Robert Lepage

Jump to: navigation, search

Robert Lepage (b. December 12, 1957) is a French Canadian experimental playwright, actor, director and filmmaker. His works have been noted for their explorations of bilingual culture, innovations in multimedia performance, homosexuality and the human condition. He is based in Quebec City, Quebec.

Lepage at the European première of Cirque du Soleil's Totem in Amsterdam, October 2010

Early Life

Lepage was born in Quebec in 1957. At age five, he was diagnosed with a rare form of alopecia, which subsequently caused most of his hair to fall out. He also struggled with clinical depression in his teens, brought on largely by his homosexuality and his experiences of alienation associated with it[1].

He entered the Conservatoire d’art dramatique de Québec in 1975 at the age of 17. After a study period in Paris under the tutelage of Alain Knapp in 1978, he returned to Quebec and became involved in many creative projects, gaining experience as an actor, playwright and director. In 1980, he joined the newly formed Théâtre Repère.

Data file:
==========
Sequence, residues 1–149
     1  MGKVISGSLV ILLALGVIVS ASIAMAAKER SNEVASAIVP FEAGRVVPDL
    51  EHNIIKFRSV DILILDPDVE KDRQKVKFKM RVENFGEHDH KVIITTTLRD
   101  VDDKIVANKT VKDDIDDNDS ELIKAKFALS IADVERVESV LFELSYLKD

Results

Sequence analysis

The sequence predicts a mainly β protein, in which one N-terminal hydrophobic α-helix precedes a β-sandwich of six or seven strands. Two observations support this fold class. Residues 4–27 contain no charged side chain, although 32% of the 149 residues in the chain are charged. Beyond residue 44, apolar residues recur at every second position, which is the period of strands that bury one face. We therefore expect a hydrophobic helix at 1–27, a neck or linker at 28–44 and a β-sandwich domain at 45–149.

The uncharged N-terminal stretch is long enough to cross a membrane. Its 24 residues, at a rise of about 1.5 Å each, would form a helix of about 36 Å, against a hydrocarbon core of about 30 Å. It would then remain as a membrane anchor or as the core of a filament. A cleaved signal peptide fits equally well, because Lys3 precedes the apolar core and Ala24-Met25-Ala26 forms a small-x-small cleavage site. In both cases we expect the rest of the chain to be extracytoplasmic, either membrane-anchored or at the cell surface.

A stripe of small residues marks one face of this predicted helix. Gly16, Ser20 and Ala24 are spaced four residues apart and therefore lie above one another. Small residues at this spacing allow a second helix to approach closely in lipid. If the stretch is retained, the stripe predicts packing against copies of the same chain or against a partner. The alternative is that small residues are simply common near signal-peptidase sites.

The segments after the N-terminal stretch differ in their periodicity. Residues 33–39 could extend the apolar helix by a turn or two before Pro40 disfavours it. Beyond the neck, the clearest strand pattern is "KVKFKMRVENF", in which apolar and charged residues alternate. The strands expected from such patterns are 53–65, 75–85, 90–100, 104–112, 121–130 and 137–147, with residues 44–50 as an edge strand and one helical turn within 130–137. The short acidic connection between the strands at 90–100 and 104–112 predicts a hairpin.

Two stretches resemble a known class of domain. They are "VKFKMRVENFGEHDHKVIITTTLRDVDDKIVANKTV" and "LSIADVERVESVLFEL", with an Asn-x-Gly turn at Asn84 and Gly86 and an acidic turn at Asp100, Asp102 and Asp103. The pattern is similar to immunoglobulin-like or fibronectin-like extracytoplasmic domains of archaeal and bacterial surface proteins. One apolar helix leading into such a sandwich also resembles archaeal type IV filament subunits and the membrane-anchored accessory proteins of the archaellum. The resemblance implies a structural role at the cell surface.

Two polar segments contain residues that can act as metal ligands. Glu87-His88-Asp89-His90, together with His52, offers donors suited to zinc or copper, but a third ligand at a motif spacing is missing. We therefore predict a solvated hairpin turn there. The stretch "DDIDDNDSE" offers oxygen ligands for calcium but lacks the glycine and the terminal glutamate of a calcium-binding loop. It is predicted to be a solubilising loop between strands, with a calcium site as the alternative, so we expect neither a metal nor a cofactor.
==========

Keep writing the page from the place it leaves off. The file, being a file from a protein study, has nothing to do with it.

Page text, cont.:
During his time at Théâtre Repère, Lepage worked with Irène Roy and Jacques Lessard to create Circulations (1984), which was presented across Canada and later won for best production at La Quinzaine Internationale de Théâtre de Québec. The following year, he created The Dragons' Trilogy, a five-and-a-half hour epic play following the complex fortunes of two French-Canadian female cousins and their families over 75 years[2]. It opened to critical praise, and international recognition. Vinci (1986), Polygraphe (1987–1990) and Tectonic Plates (1988–1990) followed and were also toured extensively around the world.

Between 1989 and 1993, Lepage served as the artistic director of the National Arts Centre's Théâtre français in Ottawa. While there, he continued to stage plays. His productions of Needles and Opium, Coriolanus, Macbeth, The Tempest and A Midsummer Night's Dream were all created and staged in that period.